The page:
11. mcgyvr

    AAC Fanatic!

    Oct 15, 2009
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    So do you really need dimming or is that just for testing to determine desired output?
    Can't you use a smaller number of higher powered LEDs then?
    What about "COB" type LED setups? http://www.dx.com/p/6958-diy-10w-30...gclid=CPCNqMeB_csCFYNkhgodRFQEQg#.VwaTjfkrKHs
    Do you have a lumen or mcd spec you are trying to achieve?
    Do you intend to use some sort of optics on these LEDs?

    again.. just trying to get you down from 24 LED drivers for something as simple as a backup light..
     
  12. John P

    AAC Fanatic!

    Oct 14, 2008
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    Yes, but my suggestion is to drive the upper transistor off a logic-level input, not off the + supply. It would be able to control the LED current and also to function as a switch to let your PWM input (from LM555 oscillator? from processor?) control the brightness.

    I think 330 ohms as the sensing resistor is wrong; to get something close to 50mA you'd want 12 ohms. (V/I = R, so .6/.05 = 12)
     
  13. MythicalCoder

    Thread Starter Member

    Aug 28, 2015
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    I would like the light output to be adjustible, but it does not need to be infinitely so. Something between an OEM bulb and shy of temporary blindness. Not sure how to measure this exactly. Would it reduce part cost to use a switch instead of a pot to decide light output?

    If size, power, and light distribution won't be an issue, then that approach will work. The problem I've been facing is light distribution (mostly pinpricks instead of full coverage), difficulties handling a small SMD component (I'd prefer something around "3mm round LED" size or bigger)., or large power requirements to fill in the gap.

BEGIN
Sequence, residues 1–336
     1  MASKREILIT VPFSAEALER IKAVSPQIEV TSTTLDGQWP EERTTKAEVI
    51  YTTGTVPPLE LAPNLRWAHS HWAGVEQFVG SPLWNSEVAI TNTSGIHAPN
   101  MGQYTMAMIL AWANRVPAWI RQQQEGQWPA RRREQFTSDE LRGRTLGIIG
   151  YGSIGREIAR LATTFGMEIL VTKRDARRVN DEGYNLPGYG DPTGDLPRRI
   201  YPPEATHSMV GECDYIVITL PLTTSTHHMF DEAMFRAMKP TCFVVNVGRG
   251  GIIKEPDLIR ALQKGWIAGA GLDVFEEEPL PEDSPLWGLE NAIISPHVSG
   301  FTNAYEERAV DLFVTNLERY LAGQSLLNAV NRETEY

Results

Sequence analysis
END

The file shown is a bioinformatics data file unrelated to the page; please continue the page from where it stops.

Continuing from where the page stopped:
I can visualize it, but until I can replicate it, I won't know the number offhand. (Not that I know how to measure either!)

    Yes, although I'm not sure what would be best. Whatever provides nice, even coverage would be best.
     
  14. mcgyvr

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    I don't understand that at all.. How are you only getting small spots of light from an LED?
    Most LEDs will easily spread the light out over 120 degrees or more..
    Create a drawing with a 120 degree cone coming out of each one.. Thats what you should be getting..
     
  15. MythicalCoder

    Thread Starter Member

    Aug 28, 2015
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    Like this:

    Taillight_Test_02s.jpg

    This was my first attempt, which utilized two 5mm round LED units to see if what I was wanting to achieve was possible. Later tests proved to be the same result. The texture is similar to tightly-packed bubble wrap.
     
  16. MythicalCoder

    Thread Starter Member

    Aug 28, 2015
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    I do know what you're getting at, but it's limited by the very short distance between the LED and the lens that I am designing for, which is why I went with the array approach. I can change the lens pattern if it would help, but I don't know what to change it to exactly.